At Havilah Legal we undertake significant debt recovery litigation in each of the Australian states and territories. Before commencing any claims, we must be satisfied that the claim has been brought in the correct state’s jurisdiction.

Jurisdictional Considerations

In the case of legal proceedings issued out of the WA Magistrates Court, if it is held that WA was not the correct jurisdiction out of which to issue the proceedings, then such proceedings would be stayed (and ultimately dismissed) and fresh proceedings would need to be issued out of the more appropriate jurisdiction.
If an assessment as to jurisdiction is not made at the beginning of these proceedings and a claim is commenced in the incorrect state, then the claimant may be subject to an adverse cost order for having to re-locate or re-commence the claim in the correct state.

Service and Execution of Process Act 1992 (Cth)

The Service and Execution of Process Act 1992 (Cth) (SEPA) essentially allows proceedings issued in one state to be served in another state without leave of the court (s15) and SEPA applies to all Australian courts.
Section 20 of SEPA deals with the situation where one party contends that the lower court from which the proceedings have been issued is not the appropriate court to hear the matter and the matter should be stayed.
In particular, s20 (3) of SEPA provides that the court may order that the proceeding be stayed if it is satisfied that a court of another State has jurisdiction to determine all matters in issue between the parties is the appropriate court to determine those matters.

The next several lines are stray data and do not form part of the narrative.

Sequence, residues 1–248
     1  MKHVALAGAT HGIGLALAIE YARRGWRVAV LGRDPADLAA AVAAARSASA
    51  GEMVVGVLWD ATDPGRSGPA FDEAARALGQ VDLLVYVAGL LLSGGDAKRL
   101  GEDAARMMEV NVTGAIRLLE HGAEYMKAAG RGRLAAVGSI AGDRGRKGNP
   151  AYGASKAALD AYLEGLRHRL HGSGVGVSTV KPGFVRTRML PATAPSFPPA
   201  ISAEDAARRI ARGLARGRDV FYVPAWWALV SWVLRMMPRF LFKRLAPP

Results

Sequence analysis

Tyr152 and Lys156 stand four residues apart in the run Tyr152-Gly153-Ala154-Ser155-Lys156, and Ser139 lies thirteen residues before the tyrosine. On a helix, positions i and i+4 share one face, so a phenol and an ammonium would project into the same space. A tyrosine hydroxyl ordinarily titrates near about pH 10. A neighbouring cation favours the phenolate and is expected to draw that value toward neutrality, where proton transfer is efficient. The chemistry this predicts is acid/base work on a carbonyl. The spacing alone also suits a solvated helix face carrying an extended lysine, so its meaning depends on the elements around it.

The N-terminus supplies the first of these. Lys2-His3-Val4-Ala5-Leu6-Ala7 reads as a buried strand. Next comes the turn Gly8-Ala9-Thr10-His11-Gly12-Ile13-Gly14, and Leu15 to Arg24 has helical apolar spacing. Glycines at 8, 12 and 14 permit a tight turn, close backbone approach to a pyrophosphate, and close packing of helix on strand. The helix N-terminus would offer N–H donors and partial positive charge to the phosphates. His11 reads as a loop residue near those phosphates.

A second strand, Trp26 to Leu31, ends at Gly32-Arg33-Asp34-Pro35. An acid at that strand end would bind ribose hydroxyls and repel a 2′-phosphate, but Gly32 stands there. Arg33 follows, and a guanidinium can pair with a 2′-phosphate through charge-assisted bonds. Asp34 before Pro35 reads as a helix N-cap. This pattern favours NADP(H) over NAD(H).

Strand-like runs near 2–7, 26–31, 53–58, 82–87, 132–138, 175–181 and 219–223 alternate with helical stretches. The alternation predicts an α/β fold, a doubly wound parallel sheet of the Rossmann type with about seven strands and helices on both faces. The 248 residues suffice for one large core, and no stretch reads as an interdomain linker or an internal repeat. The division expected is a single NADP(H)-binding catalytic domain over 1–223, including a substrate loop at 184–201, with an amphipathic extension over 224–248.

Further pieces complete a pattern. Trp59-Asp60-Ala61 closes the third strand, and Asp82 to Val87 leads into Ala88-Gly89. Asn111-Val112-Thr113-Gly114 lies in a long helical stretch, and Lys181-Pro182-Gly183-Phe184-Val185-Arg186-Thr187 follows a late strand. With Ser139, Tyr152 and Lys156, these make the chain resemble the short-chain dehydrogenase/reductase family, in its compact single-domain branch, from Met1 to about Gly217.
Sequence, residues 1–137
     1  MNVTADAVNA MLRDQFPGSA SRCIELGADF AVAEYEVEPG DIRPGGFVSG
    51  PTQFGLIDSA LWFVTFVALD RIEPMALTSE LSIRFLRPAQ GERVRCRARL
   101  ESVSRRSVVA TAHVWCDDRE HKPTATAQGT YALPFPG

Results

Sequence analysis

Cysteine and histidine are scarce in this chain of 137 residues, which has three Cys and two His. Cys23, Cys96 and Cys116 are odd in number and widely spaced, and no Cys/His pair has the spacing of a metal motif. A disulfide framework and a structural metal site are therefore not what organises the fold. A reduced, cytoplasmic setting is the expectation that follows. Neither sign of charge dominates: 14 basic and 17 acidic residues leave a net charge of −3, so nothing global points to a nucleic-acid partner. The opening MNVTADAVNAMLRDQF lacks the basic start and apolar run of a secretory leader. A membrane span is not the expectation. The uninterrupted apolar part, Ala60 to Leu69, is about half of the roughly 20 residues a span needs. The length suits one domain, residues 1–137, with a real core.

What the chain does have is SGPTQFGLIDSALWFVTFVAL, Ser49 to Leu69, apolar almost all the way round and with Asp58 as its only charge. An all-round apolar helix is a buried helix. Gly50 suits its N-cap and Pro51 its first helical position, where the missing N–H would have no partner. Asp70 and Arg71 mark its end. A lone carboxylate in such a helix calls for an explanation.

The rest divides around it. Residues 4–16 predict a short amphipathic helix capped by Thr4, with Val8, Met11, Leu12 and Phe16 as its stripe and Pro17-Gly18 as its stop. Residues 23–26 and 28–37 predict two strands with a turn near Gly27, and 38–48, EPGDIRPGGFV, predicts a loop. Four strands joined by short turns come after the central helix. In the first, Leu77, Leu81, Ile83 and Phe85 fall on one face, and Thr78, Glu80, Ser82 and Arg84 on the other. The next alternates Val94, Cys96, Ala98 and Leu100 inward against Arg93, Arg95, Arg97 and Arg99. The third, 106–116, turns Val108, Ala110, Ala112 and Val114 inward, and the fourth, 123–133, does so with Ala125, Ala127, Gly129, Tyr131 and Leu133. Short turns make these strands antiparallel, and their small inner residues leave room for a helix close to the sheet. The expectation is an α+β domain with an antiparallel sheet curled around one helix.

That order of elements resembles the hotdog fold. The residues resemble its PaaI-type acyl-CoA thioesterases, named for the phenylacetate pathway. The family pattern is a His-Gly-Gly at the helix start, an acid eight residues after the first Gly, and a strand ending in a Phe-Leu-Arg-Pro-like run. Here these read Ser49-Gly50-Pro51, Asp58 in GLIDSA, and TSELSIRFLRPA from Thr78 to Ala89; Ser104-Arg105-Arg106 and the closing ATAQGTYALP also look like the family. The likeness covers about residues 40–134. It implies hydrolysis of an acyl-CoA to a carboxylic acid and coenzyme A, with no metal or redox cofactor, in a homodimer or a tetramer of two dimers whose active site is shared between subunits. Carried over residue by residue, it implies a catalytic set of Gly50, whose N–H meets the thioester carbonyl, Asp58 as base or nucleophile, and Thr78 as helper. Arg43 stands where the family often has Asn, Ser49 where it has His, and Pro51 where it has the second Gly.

Moreover, s20 (4) of SEPA provides that:
The matters that the court is to take into account in determining whether that court of another State is the appropriate court for the proceeding include:

    • (a) the places of residence of the parties and of the witnesses likely to be called in the proceeding; and
    • (b) the place where the subject matter of the proceeding is situated; and
    • (c) the financial circumstances of the parties, so far as the court is aware of them; and
    • (d) any agreement between the parties about the court or place in which the proceeding should be instituted; and
    • (e) the law that would be most appropriate to apply in the proceeding; and
    • (f) whether a related or similar proceeding has been commenced against the person served or another person;

but do not include the fact that the proceeding was commenced in the place of issue.
These are factors that any claimant should consider before commencing any proceedings against interstate parties.
If you have an interstate debt recovery matter, please don’t hesitate to contact our Debt Recovery Team for assistance.

Bruce Havilah

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